Cooperative Economics

The Blum Center is pleased to announce the Cooperative Economics initiative, which aims to promote scholarly and public understanding of the principles, practices, and prospects for cooperative enterprise on the Central Coast of California, in the U.S., and worldwide. In this first year, the initiative involves an inaugural keynote address, a workshop on cooperation and social justice, and funding to seed a generation of research by UCSB students and faculty.

 

Inaugural Keynote Address 

African American Cooperatives and Economic Justice

"If we have the ideology of solidarity, then we're making all these kinds of collective, economic decisions based on what's best for the whole community, what are the solidarity systems that are non-exploitative etc, how do we want to operate as human beings, right? I often talk about how the current economic system makes us leave our humanity at the door, right? When we enter that black box of a business, a capitalist business, we're not supposed to really be humans, we're just supposed to be automatons and profit making machines. But we're human beings, if we connect to our economic agency as human beings, then that's how we can make solidarity economies."

 

         

On Monday, April 19th, Professor Jessica Gordon-Nembhard delivered a keynote address, which formally launched the Blum Center's Cooperative Economics initiative. Gordon-Nembhard provided a rich overview of the long (and often overlooked) history of African American cooperative enterprise. The latter was a key part of what Gordon-Nembhard called the 'long civil rights movement', which involved asserting both civil and economic rights. She underscored how engaging in cooperatives has provided a number of advantages to African Americans through history, including increased access to quality good/services in response to marginalization, pooled resources and wealth/equity, decent jobs, leadership development, and community empowerment. Gordon-Nembhard also outlined racialized barriers to participation, including economic/financial sabotage (no bank loans) and physical violence. The key differences in the principles and parameters of capitalist vs cooperative growth were also outlined in detail.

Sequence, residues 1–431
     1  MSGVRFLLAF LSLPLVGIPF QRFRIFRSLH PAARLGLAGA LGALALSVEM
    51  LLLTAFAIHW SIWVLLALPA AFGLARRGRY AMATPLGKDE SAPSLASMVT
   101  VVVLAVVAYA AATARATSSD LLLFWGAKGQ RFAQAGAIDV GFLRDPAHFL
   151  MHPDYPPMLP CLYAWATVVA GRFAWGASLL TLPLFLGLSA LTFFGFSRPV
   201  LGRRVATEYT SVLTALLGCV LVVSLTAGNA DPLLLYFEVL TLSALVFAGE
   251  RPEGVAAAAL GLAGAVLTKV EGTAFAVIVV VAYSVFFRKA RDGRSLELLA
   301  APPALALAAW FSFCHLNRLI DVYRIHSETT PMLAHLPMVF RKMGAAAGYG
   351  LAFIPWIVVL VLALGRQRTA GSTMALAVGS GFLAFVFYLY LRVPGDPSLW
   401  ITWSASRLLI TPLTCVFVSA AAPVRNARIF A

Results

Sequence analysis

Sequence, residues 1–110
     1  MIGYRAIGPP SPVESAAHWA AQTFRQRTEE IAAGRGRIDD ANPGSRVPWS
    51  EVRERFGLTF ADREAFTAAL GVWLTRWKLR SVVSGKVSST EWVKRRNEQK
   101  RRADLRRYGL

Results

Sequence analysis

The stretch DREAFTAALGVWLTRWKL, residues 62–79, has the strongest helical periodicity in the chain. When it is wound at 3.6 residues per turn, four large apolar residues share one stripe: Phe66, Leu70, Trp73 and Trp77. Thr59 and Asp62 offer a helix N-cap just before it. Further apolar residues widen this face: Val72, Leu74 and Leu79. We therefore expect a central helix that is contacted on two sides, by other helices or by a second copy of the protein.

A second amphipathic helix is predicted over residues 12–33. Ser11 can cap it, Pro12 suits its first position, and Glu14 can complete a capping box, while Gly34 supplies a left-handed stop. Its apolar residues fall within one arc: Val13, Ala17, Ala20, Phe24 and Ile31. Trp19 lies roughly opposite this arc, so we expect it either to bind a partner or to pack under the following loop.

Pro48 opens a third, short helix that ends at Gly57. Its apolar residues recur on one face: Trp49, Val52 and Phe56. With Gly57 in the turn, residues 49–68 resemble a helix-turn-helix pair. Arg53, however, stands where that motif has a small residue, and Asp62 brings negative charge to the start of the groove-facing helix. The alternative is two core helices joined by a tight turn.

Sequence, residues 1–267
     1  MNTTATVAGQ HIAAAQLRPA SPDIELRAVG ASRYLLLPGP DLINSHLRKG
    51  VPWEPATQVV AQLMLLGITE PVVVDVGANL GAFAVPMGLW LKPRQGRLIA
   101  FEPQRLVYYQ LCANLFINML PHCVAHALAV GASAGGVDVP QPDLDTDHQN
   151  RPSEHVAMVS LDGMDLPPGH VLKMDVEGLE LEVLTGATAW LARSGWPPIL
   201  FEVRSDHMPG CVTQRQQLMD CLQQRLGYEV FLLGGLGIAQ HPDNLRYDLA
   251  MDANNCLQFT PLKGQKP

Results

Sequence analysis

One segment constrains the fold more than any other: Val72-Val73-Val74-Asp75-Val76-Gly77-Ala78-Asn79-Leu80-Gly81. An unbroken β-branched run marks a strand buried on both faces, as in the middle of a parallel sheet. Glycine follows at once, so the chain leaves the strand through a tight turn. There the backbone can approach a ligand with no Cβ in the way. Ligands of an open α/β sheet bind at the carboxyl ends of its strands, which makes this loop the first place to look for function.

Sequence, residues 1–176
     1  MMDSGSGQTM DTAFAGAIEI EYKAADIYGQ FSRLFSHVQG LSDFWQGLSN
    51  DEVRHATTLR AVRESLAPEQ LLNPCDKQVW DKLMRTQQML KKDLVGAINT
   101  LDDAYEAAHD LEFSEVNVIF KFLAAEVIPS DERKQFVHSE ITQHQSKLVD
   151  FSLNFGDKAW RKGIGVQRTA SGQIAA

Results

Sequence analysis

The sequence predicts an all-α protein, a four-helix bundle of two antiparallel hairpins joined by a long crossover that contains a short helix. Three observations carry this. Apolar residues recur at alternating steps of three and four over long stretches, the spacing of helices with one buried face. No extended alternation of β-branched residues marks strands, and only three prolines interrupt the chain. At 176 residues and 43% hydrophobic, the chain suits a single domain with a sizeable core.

A panel discussion followed with questions from Elvia Cruz, a recent UCSB graduate involved in EcoVista and Cooperation Santa Barbara, Marcelino Sepulveda, Executive Director of the Santa Barbara Student Housing Cooperative, and Professor Christopher McAuley, UCSB Department of Black Studies. The discussion highlighted inspiring cooperative examples, such as a cooperative adult entertainment business (Lusty Ladies) that enabled its worker-owner members to have full ownership and decision-making over their business and bodies; the sustainability of cooperatives as enterprises and a broader philosophy that lead to broader civic participation for its members; as well as the crucial role of education in spreading awareness of this economic model, and the skills needed to implement the cooperative's democratic principles in terms of inclusive decision-making and voice.